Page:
Allan Macdonald joined the British forces at the outbreak of hostilities during the American War of Independence. In supporting her husband’s decision it seems that Flora Macdonald moved away from her Jacobite heritage to that of a loyal subject of the British crown.
Considering what factors influenced Flora’s changing identity raises many questions. Was it out of loyalty to her husband and family? As well as her husband, a number of her sons were British military officers during this time.
Maybe, having previously experienced the devastating power of the King’s army, Flora had no doubts that the Crown would succeed in quelling the revolution. Or, could Flora have been a reluctant Jacobite in earlier life – after all, she did marry a committed government supporter soon after the uprising.
Arguably, Flora Macdonald encapsulates the emerging duality of Scottish and British identities developing around the Empire in the late eighteenth century. Many of the emigrants from the British Isles during this time formed, or settled in, distinctive ethnic and regional communities that sat alongside – often uncomfortably – a shared sense of Britishness and British identity.
Whilst we can only guess at her personal motivations for supporting the Crown it seems evident that Flora Macdonald’s Jacobite and British loyalties highlight the complexities and fluidity of identity.
It was possible to have multiple identities simultaneously and, importantly, identities were flexible and had the ability to change over time. As Linda Colley aptly noted, identities ‘are not like hats… human beings can and do put on several at a time’. Although popular history has chosen to remember Flora Macdonald in a Jacobite hat, it seems that she wore more than one during her lifetime.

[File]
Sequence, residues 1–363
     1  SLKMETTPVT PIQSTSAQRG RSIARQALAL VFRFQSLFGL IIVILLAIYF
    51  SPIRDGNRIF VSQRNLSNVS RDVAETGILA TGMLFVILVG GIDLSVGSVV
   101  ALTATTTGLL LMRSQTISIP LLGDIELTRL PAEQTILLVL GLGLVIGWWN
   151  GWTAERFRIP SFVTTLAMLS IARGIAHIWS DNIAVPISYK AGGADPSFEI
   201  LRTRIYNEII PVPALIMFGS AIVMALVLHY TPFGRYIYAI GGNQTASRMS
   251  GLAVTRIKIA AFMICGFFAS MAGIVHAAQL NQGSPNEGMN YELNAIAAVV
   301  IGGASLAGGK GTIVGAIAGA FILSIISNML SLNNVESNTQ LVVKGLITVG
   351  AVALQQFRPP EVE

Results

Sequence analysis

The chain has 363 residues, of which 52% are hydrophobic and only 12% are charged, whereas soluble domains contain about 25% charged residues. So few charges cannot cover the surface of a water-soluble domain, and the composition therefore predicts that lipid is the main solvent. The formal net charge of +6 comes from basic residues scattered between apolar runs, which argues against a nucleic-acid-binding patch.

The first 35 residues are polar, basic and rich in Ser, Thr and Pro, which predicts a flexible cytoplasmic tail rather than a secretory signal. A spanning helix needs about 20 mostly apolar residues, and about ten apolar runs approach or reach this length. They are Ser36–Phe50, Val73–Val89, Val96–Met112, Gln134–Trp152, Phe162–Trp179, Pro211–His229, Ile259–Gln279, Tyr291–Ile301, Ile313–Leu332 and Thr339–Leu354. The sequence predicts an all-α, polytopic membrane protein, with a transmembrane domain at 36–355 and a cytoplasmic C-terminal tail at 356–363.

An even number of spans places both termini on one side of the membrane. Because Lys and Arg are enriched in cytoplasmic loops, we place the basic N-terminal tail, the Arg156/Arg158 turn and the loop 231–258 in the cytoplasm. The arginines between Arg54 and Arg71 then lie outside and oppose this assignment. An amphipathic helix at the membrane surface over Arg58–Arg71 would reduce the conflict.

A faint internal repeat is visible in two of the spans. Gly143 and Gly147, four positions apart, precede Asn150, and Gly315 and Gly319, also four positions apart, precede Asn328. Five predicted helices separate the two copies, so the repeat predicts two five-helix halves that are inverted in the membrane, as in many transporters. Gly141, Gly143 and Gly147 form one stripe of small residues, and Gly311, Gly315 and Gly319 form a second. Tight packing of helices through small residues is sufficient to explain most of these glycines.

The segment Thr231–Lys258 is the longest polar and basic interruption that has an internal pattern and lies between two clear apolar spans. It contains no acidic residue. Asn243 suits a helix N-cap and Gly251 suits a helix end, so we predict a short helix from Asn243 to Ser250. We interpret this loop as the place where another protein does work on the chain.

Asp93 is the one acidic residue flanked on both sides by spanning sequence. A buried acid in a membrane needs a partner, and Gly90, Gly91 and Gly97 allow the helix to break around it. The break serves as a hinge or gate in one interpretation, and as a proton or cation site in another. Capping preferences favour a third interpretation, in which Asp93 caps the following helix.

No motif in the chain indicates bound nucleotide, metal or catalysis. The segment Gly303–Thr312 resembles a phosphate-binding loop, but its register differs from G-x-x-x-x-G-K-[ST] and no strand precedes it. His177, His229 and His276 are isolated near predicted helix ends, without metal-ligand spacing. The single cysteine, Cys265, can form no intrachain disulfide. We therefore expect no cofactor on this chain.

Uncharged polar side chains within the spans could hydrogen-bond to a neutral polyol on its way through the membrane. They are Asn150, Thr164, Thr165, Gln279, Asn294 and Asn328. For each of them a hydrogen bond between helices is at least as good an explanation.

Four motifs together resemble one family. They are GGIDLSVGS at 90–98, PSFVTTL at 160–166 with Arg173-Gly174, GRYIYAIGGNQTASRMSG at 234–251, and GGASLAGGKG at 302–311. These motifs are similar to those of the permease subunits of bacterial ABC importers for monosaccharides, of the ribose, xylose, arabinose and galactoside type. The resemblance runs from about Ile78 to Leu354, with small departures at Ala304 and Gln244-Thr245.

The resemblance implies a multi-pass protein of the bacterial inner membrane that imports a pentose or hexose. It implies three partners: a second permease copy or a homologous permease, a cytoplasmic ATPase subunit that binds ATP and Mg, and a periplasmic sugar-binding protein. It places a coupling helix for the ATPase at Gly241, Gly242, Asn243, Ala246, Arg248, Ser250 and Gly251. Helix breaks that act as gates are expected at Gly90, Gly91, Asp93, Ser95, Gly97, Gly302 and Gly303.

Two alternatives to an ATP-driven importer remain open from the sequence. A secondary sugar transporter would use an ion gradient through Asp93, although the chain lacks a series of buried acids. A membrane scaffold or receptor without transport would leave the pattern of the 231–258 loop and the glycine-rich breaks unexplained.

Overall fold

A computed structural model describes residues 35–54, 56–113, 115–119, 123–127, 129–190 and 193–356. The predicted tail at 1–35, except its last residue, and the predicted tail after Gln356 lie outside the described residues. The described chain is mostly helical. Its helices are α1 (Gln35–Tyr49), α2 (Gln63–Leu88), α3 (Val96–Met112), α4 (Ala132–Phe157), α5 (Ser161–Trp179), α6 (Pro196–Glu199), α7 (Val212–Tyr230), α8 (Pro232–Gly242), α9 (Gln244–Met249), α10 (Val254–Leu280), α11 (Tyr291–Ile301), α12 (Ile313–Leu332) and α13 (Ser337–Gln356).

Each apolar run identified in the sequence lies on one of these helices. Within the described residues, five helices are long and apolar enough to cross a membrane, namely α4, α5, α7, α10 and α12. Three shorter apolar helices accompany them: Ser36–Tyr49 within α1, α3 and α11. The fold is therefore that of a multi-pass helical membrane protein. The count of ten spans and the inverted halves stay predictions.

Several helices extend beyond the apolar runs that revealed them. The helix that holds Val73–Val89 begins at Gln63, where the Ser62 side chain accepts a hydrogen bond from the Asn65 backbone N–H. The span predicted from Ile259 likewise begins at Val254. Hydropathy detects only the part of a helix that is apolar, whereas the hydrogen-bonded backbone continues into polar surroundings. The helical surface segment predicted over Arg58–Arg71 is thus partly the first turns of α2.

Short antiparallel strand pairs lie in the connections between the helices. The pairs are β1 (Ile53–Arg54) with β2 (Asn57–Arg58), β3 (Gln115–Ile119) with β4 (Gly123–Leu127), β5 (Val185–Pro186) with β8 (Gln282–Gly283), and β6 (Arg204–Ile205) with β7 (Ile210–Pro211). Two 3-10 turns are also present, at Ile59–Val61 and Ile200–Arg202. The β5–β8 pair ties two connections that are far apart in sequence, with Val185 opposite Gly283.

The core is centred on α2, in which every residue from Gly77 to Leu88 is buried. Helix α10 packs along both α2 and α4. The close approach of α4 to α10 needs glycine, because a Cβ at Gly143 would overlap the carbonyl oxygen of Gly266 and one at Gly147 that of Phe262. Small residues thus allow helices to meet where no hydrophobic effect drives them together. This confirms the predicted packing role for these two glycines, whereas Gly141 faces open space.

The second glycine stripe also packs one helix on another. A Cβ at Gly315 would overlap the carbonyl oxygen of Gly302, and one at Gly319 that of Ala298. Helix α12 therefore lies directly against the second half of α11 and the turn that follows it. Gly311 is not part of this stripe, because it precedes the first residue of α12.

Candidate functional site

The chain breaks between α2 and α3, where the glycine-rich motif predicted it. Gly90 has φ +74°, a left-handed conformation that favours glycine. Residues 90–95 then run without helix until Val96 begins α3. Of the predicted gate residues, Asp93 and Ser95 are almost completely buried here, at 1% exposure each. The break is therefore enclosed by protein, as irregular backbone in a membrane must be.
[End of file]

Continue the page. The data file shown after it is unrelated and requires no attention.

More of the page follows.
For an overview of the Jacobite uprising of 1745-46 see Jeremy Black, Culloden and the ‘45 (Stroud: Sutton Publishing, 2000).
 For a detailed examination of Flora Macdonald see John Toffey, A woman nobly planned: fact and myth in the legacy of Flora MacDonald (Durham: Carolina Academic Press, 1997).
 Colley, L., Britons: Forging The Nation 1707-1837 (London: Yale University Press, 1992). p. 6.
Join Professor John MacKenzie, Visiting Professor, UHI Centre for History on Wednesday 18th January 2017, 5.15pm-6.30pm for a seminar about how Presbyterianism and Empire have shaped Scottish identities since the nineteenth century.
Venue: Ross House, North Highland College, Dornoch or online (via Video Conference)
I am all of these things, sometimes aspects of my life come into stronger focus than others but they are all me. Sometimes these things come into conflict with each other but it doesn’t make them any less a part of who I am.
What do others see?
I am not sure.
I can tell you what they comment on – my accent.
So what does this have to do with identity?